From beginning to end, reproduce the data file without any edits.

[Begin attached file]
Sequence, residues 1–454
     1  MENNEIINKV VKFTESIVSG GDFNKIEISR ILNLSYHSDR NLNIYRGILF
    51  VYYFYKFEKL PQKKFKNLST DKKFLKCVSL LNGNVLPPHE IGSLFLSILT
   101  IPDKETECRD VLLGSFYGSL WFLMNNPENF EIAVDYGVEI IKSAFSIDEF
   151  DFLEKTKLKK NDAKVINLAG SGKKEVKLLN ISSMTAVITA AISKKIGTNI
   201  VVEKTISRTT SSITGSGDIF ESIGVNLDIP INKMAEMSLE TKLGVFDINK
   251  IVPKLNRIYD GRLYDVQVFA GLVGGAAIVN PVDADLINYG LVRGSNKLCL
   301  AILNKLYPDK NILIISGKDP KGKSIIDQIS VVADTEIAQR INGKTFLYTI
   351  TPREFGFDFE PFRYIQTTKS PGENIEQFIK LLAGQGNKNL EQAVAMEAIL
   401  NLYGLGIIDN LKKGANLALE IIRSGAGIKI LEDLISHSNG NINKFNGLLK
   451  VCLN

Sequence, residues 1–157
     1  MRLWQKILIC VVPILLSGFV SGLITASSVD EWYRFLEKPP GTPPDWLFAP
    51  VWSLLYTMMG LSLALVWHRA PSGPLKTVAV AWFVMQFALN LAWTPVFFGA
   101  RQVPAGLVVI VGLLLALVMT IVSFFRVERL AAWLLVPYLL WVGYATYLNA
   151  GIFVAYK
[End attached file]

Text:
Sequence, residues 1–454
     1  MENNEIINKV VKFTESIVSG GDFNKIEISR ILNLSYHSDR NLNIYRGILF
    51  VYYFYKFEKL PQKKFKNLST DKKFLKCVSL LNGNVLPPHE IGSLFLSILT
   101  IPDKETECRD VLLGSFYGSL WFLMNNPENF EIAVDYGVEI IKSAFSIDEF
   151  DFLEKTKLKK NDAKVINLAG SGKKEVKLLN ISSMTAVITA AISKKIGTNI
   201  VVEKTISRTT SSITGSGDIF ESIGVNLDIP INKMAEMSLE TKLGVFDINK
   251  IVPKLNRIYD GRLYDVQVFA GLVGGAAIVN PVDADLINYG LVRGSNKLCL
   301  AILNKLYPDK NILIISGKDP KGKSIIDQIS VVADTEIAQR INGKTFLYTI
   351  TPREFGFDFE PFRYIQTTKS PGENIEQFIK LLAGQGNKNL EQAVAMEAIL
   401  NLYGLGIIDN LKKGANLALE IIRSGAGIKI LEDLISHSNG NINKFNGLLK
   451  VCLN

Sequence, residues 1–157
     1  MRLWQKILIC VVPILLSGFV SGLITASSVD EWYRFLEKPP GTPPDWLFAP
    51  VWSLLYTMMG LSLALVWHRA PSGPLKTVAV AWFVMQFALN LAWTPVFFGA
   101  RQVPAGLVVI VGLLLALVMT IVSFFRVERL AAWLLVPYLL WVGYATYLNA
   151  GIFVAYK